- a balustraded or railed elevated platform projecting from the wall of a building.
- a gallery in a theater.
Origin of balcony
Examples from the Web for balcony
Orchestra seats cost $100; mezzanine is $75; and balcony, $50.Here’s the Program for Women in the World Texas!
October 2, 2014
From a balcony on one side, a few people looked down on us as we entered, waving hello.Fighting Back With Faith: Inside the Yezidis’ Iraqi Temple
August 21, 2014
From his balcony overlooking the American embassy hangs a Palestinian flag.Gay Palestinians In Israel: The 'Invisible Men'
August 13, 2014
Because Thrones is basically a soap opera, of course a seething Lysa was watching Sansa and Baelish make out from her balcony.Game of Thrones’ Ep. 7 ‘Mockingbird’ Recap: Conscious Coupling (and Uncoupling)
May 19, 2014
Why does Don sit out in the cold at the end of the episode—alone on his balcony in his bathrobe?Jon Hamm on the Final Season of ‘Mad Men’ and the Advice He Got From Bryan Cranston and Tina Fey
April 14, 2014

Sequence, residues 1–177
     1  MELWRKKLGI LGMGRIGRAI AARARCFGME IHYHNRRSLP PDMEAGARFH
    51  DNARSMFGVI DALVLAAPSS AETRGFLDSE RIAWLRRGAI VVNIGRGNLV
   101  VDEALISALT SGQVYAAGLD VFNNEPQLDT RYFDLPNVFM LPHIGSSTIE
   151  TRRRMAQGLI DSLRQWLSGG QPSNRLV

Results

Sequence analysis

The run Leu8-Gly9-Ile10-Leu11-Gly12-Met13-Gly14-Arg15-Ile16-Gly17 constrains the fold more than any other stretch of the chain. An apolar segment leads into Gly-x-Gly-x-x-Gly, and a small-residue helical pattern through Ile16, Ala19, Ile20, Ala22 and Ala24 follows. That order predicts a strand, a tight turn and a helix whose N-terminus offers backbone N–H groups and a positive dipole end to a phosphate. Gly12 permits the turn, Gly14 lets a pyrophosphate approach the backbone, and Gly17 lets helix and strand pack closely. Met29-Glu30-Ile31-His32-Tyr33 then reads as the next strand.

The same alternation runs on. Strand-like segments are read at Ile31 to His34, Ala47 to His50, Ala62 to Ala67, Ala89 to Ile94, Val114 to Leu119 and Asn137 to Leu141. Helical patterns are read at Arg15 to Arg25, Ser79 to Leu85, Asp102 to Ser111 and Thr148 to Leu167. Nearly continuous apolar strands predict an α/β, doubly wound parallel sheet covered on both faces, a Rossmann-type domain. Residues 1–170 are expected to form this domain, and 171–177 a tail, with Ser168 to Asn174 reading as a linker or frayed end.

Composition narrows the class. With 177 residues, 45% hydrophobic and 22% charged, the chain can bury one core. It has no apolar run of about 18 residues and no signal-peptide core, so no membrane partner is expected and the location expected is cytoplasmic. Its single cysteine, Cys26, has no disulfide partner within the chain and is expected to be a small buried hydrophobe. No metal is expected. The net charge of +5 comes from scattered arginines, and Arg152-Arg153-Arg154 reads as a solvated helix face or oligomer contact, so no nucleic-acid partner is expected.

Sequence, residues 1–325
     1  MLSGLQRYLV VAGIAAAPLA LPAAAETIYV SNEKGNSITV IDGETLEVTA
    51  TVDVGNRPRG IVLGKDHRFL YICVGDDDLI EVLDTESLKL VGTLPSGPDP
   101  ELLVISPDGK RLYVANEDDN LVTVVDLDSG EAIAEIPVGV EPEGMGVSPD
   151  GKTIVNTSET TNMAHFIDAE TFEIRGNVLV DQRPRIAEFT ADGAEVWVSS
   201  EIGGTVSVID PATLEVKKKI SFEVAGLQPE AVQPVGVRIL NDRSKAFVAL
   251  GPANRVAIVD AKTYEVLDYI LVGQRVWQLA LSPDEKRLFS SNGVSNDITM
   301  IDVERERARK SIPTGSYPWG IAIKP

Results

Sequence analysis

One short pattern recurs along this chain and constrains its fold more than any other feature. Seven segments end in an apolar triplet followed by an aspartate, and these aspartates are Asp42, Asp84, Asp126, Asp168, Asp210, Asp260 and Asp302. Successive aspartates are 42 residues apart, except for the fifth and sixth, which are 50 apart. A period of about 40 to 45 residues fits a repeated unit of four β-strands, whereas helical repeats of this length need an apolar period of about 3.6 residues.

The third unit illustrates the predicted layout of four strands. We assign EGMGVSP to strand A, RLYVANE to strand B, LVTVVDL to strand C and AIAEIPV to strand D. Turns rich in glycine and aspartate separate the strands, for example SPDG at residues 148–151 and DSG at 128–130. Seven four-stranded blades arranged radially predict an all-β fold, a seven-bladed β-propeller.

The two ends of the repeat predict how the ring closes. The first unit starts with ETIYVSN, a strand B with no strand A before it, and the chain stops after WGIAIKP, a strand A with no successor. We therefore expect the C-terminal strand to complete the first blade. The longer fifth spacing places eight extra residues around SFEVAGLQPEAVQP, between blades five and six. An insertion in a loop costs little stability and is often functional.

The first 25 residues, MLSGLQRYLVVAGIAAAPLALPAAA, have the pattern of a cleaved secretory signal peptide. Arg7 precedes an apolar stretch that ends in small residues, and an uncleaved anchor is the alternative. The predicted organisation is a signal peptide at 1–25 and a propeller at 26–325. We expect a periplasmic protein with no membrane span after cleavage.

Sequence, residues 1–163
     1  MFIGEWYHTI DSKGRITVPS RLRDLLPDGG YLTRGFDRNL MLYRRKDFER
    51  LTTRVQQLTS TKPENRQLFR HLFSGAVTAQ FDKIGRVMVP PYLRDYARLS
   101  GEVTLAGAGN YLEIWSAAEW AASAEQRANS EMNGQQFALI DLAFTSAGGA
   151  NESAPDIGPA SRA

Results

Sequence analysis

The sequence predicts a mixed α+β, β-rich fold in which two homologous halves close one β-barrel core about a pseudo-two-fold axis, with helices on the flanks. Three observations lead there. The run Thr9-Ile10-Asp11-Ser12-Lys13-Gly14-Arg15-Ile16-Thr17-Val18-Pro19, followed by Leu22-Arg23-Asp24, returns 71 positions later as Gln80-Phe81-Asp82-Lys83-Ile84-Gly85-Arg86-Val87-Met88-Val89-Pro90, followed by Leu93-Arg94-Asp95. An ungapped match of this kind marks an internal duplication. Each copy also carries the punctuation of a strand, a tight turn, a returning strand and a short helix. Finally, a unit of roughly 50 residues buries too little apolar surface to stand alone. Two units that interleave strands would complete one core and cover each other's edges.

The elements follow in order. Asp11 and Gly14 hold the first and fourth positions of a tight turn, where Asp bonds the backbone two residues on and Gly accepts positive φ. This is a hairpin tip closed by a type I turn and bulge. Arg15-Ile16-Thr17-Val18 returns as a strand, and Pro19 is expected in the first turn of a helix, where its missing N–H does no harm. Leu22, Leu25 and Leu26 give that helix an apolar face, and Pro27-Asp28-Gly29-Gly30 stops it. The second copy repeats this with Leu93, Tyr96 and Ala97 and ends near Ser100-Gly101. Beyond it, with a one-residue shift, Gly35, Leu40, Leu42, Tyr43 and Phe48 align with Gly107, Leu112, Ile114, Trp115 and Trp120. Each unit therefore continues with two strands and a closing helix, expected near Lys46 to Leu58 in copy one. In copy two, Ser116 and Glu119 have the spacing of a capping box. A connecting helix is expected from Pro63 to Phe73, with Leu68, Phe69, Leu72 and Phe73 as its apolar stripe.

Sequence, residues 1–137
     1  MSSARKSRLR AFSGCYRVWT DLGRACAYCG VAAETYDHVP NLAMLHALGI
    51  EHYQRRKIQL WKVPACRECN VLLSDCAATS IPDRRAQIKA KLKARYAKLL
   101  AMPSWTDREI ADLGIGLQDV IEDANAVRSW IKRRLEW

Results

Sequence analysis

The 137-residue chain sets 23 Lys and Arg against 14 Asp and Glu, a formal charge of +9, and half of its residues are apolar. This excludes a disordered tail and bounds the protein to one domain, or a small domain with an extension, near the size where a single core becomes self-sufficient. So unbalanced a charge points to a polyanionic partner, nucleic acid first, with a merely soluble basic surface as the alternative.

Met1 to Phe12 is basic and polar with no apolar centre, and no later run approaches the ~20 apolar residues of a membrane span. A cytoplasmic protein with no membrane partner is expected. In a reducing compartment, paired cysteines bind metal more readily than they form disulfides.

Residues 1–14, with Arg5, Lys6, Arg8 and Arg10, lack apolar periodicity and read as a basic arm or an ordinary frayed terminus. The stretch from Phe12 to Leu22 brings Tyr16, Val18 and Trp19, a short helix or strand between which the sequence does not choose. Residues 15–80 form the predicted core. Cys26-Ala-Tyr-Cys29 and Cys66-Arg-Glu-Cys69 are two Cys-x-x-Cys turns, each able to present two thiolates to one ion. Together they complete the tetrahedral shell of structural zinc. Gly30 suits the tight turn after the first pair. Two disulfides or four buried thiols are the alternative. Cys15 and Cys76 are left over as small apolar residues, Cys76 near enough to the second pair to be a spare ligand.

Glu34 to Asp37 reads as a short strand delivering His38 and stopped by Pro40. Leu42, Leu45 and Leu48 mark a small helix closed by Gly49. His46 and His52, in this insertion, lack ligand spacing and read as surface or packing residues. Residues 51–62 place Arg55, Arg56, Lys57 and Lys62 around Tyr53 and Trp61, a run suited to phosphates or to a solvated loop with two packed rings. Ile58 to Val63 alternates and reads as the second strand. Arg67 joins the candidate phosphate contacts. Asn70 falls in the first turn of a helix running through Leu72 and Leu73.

Christine and Palmer Howe came in to see her, and to inspect the balcony, now finished.
He sat down on the edge of the balcony and stared out blankly.
Christine had stepped out on the balcony, and was speaking to K. just inside.
At first, by the aid of the furniture, she was able to get to the balcony.
She did not even go to the balcony, or to the window, as before.
- a platform projecting from the wall of a building with a balustrade or railing along its outer edge, often with access from a door or window
- a gallery in a theatre or auditorium, above the dress circle
- US and Canadian any circle or gallery in a theatre or auditorium including the dress circle
Word Origin and History for balcony
1610s, from Italian balcone, from balco "scaffold," from a Germanic source (perhaps Langobardic *balko- "beam," cf. Old English balca "beam, ridge;" see balk) + Italian augmentative suffix -one. Till c.1825, regularly accented on the second syllable.